Quantum challenges’ associating sectors of use and technology sectors, both in the field of quantum computing and in the field of quantum sensors, would make it possible to strengthen the competitiveness of downstream sectors while securing the short-term outlets of technology sectors.

We are talking here about the famous "hackathons", which allow teams to work together on specific subjects. But these "hackathons" are frequently criticized by start-ups, who accuse large companies of taking advantage of these events to speed up their own research and take free credit for ideas developed by others.

Creating an effective innovation environment
The creation of quantum centers based on research and development centers that are internationally recognized for their academic and industrial influence would be a key lever for interdisciplinary mixing, creating cohesion and freeing up the informal time needed to remove the obstacles preventing the implementation of a national strategy. The development of skills and access to quality risk capital will make it possible to remove the obstacles to innovation and the creation of startups, an essential vector for the transfer of technology to the economic fabric.

Deploy an appropriate economic security strategy
France's position on quantum technologies encourages certain organizations or States to take an interest in the French ecosystem and to target the most vulnerable players, who are at the forefront of the world. The protection of scientific and technological heritage and economic diplomacy will be the pillars of an effective economic intelligence strategy.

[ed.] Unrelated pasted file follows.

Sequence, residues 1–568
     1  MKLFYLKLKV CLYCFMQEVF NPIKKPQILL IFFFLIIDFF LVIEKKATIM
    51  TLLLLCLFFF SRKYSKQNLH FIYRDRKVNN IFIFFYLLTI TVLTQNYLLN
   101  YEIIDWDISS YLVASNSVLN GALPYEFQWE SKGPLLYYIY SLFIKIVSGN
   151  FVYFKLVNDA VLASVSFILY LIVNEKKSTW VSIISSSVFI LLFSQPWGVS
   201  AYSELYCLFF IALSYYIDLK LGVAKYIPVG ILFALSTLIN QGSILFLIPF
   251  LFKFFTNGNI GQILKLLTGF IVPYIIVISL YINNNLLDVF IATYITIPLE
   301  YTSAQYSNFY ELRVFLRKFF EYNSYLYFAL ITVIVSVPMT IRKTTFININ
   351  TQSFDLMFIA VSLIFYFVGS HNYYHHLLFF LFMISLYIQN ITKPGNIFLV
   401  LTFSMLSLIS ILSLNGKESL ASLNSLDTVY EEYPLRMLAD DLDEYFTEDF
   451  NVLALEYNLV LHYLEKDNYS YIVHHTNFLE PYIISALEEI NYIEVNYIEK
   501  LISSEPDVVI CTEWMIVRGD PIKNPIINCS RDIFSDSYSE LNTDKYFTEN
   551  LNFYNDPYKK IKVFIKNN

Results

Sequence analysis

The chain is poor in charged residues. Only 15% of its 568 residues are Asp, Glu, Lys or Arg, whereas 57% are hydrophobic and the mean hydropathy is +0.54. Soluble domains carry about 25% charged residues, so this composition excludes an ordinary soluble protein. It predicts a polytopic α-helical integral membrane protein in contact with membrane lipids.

France produces the best engineers in the world. Americans often say so. But very often they join large foreign companies, which give them more resources and a better working environment. France must do everything possible to retain its scientists. The report asks the question: should we motivate them to stay, or should we regulate attempts to buy out or recruit from other countries? Does regulation have a chance of working in this area?

Establishing effective governance
Given the high level of uncertainty regarding certain paths of development of quantum technologies, the longtime horizons of the actions to be carried out and the capital intensity required, the State will need agile governance with decision-making power, involving the State, research organizations and industrialists.

On this occasion, the ministers announced the creation of a working group made up of representatives of the State and its research operators (CEA, INRIA and CNRS) and financiers (BPI, SGPI). It will be responsible for drawing up the multi-year research programming law, a detailed roadmap for responding to the report's six recommendations. This detailed road map, expected for the first quarter of 2020, will specify the five-year work program of each ministry and operator, as well as the state, private and community sources of funding for the quantum plan. It will therefore be several more months before France announces a concrete action plan. The details of its financing are still unknown.

Philippe NIEUWBOURG
Philippe Nieuwbourg is an independent trainer and analyst, a specialist in data analysis for... Know more about this author